• Your fellow grad students are your colleagues, not (necessarily) your friends. You’ll make good friends, of course you will, but relationships with most other grad students will be more like coworkers than buddies. So if they don’t come to your party, say, or don’t want to hang out after class, don’t be offended. That’s just not what it’s about for a lot of people.
  • You are supposed to go to all the departmental lectures, screenings, colloquia, etc. This stuff is not a fun extracurricular activity that you can hit or miss depending on your interests. Your attendance is expected and your absence is noticed. It’s part of being a good colleague.
  • Pick your classes according to the following criteria, in descending order of importance: 1) The professor is someone you want to know and might want to work with; 2) your seminar paper might come in handy for your oral exams or dissertation research; 3) you’re interested in the topic.”

Click on link to continue reading.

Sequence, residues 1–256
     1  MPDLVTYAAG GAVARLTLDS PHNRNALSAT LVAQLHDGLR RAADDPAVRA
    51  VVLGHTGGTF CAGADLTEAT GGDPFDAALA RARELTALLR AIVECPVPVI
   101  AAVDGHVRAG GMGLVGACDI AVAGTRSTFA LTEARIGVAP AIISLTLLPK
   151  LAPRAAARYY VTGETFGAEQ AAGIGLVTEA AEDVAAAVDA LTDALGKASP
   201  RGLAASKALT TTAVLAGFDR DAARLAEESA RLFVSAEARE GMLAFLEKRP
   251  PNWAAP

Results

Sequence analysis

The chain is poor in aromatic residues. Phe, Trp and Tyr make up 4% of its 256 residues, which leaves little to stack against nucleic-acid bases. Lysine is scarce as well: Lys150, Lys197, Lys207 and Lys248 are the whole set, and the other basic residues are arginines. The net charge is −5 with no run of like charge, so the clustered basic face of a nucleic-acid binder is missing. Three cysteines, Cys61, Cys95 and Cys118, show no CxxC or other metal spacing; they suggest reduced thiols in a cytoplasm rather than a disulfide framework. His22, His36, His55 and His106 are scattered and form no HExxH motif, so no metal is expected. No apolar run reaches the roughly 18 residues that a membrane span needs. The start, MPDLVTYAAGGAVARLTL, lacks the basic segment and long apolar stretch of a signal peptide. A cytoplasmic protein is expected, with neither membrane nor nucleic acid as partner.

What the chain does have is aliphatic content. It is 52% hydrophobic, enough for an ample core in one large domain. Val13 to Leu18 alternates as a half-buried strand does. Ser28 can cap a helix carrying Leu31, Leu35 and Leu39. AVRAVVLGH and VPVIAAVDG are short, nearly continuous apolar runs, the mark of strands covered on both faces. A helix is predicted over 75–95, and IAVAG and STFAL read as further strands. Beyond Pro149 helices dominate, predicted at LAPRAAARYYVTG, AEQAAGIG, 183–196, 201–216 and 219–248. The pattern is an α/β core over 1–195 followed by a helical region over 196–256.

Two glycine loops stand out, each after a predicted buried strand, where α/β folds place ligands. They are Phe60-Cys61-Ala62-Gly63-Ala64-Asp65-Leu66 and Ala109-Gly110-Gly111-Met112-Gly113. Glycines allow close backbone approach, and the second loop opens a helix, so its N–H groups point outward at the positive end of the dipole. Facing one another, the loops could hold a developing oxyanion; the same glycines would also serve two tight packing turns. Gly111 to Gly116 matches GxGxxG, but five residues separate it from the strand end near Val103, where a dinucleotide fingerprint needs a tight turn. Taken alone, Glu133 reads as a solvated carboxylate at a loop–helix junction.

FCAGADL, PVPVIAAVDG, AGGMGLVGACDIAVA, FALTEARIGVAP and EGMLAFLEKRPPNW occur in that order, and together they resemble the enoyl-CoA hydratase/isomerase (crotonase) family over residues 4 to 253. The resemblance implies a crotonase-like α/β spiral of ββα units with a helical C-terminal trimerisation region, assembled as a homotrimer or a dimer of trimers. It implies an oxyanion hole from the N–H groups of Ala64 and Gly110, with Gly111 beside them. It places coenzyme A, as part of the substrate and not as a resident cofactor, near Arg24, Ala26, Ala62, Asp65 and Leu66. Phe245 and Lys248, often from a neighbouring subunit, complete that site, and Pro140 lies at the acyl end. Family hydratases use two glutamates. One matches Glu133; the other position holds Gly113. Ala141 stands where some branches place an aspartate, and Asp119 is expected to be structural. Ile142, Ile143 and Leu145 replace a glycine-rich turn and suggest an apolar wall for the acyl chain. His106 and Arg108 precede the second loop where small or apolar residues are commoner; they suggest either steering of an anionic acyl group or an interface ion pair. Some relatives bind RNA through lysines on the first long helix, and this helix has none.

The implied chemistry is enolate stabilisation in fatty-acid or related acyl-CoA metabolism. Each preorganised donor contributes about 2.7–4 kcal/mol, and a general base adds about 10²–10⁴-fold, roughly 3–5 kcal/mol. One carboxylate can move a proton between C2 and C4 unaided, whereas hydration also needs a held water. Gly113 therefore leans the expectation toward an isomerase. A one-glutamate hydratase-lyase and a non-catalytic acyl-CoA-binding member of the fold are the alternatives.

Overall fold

anonymous asked:

I think the STEM fascination thingy really relates to the fact that people in society are still fucking ableist and value things they think are "methodical" and "logical" and "rational" over what they think are "intuitive" and "emotional". There is still this really annoying belief that math, physics and chemistry are the "hard" subjects that require a lot of "mental capacity" when the reality is that these subjects can be as intuitive and emotional and require as much feeling as any art subject

yeah definitely

personally I love math and humanities but i experience all of these subjects in really similar ways. i understand calculus on a very metaphysical level and it’s weird to me when people think that they are less intuitive and more inherently difficult than the humanities.